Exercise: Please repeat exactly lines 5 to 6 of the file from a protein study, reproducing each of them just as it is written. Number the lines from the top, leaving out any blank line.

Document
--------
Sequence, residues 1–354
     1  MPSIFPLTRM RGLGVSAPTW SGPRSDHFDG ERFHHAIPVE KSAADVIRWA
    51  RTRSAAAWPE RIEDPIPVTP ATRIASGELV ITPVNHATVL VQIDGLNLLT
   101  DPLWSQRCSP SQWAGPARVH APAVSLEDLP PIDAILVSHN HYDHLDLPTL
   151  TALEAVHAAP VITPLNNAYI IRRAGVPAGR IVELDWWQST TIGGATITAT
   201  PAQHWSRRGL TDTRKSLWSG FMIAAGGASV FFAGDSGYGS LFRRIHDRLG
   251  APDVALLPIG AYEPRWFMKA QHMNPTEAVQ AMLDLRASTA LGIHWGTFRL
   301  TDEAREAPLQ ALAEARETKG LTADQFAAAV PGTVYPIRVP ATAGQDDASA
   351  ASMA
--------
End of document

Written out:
   151  TALEAVHAAP VITPLNNAYI IRRAGVPAGR IVELDWWQST TIGGATITAT
   201  PAQHWSRRGL TDTRKSLWSG FMIAAGGASV FFAGDSGYGS LFRRIHDRLG